Related Topics: NTP-BUG 802
ntpd and Tickless Kernels
This is a long but (hopefully not too boring) explanation of: how to save power on modern CPUs, what are tickless kernels, why we need them and why isn't NTPd playing nicely with them.
Mobile and desktop users as well as low-traffic servers require the CPU to use as little power as possible when idle. CPU frequency scaling used to be the solution, however with current technology it is not sufficient. CPUs have high leakage currents, which burn a lot of coal even when the CPU is not doing anything useful.
To address this issue, deeper "sleep-states" have been added to the CPU. In these states, some parts of the CPU (e.g., the cache, the ALU, etc.) are shut down, so as to minimize leakage current. However, since shutting down / starting these CPU parts is costly (time-wise), this technique can only be used if the software is properly written, so as to allow the CPU to sleep for as long as possible. Periodic timers are the worst enemy, as they uselessly wake up the CPU and force it into power-hungry states.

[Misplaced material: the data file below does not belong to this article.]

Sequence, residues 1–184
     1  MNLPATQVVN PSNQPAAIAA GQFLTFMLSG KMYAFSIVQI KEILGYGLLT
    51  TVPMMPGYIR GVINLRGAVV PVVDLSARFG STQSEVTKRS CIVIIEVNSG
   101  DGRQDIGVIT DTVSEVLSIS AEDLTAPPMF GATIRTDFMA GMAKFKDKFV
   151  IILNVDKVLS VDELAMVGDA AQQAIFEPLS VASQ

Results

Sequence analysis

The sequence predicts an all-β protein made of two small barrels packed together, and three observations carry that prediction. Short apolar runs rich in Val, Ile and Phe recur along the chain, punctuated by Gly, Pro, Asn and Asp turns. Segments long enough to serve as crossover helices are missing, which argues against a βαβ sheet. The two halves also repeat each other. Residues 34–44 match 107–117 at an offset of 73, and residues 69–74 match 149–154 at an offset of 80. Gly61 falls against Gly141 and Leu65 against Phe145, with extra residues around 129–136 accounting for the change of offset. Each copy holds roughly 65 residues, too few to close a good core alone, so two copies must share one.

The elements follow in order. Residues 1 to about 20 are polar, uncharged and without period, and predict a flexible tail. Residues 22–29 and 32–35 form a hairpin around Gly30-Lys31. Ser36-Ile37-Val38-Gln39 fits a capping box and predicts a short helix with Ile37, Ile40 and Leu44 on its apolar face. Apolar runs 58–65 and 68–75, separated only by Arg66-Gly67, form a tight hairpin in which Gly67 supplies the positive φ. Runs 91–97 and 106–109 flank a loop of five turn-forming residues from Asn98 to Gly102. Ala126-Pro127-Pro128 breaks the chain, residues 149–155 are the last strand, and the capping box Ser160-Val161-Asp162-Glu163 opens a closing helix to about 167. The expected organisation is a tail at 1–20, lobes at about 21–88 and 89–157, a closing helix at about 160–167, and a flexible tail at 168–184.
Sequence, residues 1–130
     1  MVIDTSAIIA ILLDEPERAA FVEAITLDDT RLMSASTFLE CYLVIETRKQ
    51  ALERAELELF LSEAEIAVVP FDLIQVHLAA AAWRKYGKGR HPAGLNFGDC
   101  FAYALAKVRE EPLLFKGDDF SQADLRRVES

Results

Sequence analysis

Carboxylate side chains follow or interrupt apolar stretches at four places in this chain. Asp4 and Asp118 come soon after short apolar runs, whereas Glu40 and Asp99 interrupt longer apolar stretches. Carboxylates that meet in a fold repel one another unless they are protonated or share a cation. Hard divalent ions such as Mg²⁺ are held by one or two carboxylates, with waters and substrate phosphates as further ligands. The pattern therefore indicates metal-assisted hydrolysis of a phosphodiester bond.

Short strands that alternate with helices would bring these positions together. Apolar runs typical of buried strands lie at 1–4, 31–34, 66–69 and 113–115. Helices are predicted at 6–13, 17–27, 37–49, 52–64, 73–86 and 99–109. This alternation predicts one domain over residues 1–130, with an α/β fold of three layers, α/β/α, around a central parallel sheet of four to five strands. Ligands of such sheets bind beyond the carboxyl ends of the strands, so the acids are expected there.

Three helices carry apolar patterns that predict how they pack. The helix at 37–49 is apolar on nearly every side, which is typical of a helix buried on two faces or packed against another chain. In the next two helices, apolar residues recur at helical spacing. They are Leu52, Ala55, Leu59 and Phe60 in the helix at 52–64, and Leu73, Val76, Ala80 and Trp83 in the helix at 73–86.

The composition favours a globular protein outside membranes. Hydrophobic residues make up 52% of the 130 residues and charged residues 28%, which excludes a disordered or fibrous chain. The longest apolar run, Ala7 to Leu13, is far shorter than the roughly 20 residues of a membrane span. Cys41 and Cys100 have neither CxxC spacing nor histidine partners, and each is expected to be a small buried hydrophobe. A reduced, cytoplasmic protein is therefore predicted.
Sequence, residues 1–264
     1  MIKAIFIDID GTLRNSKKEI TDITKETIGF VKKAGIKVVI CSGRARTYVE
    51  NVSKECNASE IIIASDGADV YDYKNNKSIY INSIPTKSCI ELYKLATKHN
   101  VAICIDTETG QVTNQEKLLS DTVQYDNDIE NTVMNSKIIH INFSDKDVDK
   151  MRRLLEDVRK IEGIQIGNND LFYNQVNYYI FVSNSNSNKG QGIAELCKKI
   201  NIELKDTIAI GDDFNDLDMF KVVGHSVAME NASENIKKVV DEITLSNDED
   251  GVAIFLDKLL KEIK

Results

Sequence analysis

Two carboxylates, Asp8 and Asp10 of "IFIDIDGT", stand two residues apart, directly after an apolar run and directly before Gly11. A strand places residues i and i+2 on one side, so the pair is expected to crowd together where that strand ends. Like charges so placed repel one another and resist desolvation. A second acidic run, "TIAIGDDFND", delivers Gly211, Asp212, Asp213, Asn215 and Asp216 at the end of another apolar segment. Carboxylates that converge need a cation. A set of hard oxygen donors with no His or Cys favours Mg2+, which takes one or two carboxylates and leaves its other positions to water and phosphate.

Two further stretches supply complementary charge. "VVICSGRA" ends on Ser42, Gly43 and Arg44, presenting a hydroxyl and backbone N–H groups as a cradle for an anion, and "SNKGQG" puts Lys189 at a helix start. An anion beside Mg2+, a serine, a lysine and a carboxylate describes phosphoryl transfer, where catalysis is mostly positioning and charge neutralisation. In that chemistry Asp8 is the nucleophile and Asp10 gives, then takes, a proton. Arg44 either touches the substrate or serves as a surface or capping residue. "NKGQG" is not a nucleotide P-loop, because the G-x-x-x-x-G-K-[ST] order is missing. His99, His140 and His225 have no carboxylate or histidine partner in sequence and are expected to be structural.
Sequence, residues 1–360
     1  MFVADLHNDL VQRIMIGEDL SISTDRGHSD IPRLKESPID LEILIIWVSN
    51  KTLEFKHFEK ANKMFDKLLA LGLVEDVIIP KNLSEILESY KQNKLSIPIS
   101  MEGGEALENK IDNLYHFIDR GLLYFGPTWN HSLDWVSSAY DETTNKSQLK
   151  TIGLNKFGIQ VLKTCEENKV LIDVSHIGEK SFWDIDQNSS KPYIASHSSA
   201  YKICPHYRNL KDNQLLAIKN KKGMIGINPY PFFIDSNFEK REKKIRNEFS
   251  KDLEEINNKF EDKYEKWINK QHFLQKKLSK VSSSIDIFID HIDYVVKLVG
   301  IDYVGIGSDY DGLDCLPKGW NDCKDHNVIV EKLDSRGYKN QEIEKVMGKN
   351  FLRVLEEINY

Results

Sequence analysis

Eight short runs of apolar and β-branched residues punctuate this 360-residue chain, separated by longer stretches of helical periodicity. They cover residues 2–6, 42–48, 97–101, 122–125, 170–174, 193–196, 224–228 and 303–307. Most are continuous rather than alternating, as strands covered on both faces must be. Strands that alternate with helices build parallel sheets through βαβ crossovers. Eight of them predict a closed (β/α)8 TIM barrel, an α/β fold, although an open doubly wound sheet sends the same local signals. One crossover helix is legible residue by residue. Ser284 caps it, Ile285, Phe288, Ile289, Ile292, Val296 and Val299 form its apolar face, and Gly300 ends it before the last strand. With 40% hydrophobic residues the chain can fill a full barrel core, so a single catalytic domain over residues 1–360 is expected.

For example, the Linux kernel used to have a period timer (called tick), which would trigger (mostly) scheduling decisions. Even in a perfectly idle system, the CPU would be woken up 100 times / second, thus staying in power-hungry states and wasting energy. A lot of effort has been put into making the Linux kernel "tickless", i.e., it wakes up the CPU only when necessary.
However, the kernel can only do as good a job as the user-space allows it to. Current systems are plagued with daemons which regularly wake up the CPU, without doing anything useful. Unfortunately, ntp is one of them. Currently, it generates 1 wakeup / second on every system, mostly to treat "do I have anything to do, no" events.
has been open which includes a fix. The patch adds proper timeout computations in ntp, so that the CPU is only woken up when needed. Surely, it is an intricate patch (having a periodic timer is much easier), but the gains one obtains are significant. I have personally tried the patch and the clock stays perfectly synchronised, while the ntp process generates a negligible amount of wakeups. Note that this is not a Linux specific issue. Other operating systems, such as FreeBSD and Solaris are also pursuing the goal of having a tickless kernel. Like I said, it is a constrained imposed by the current hardware in order to save watts.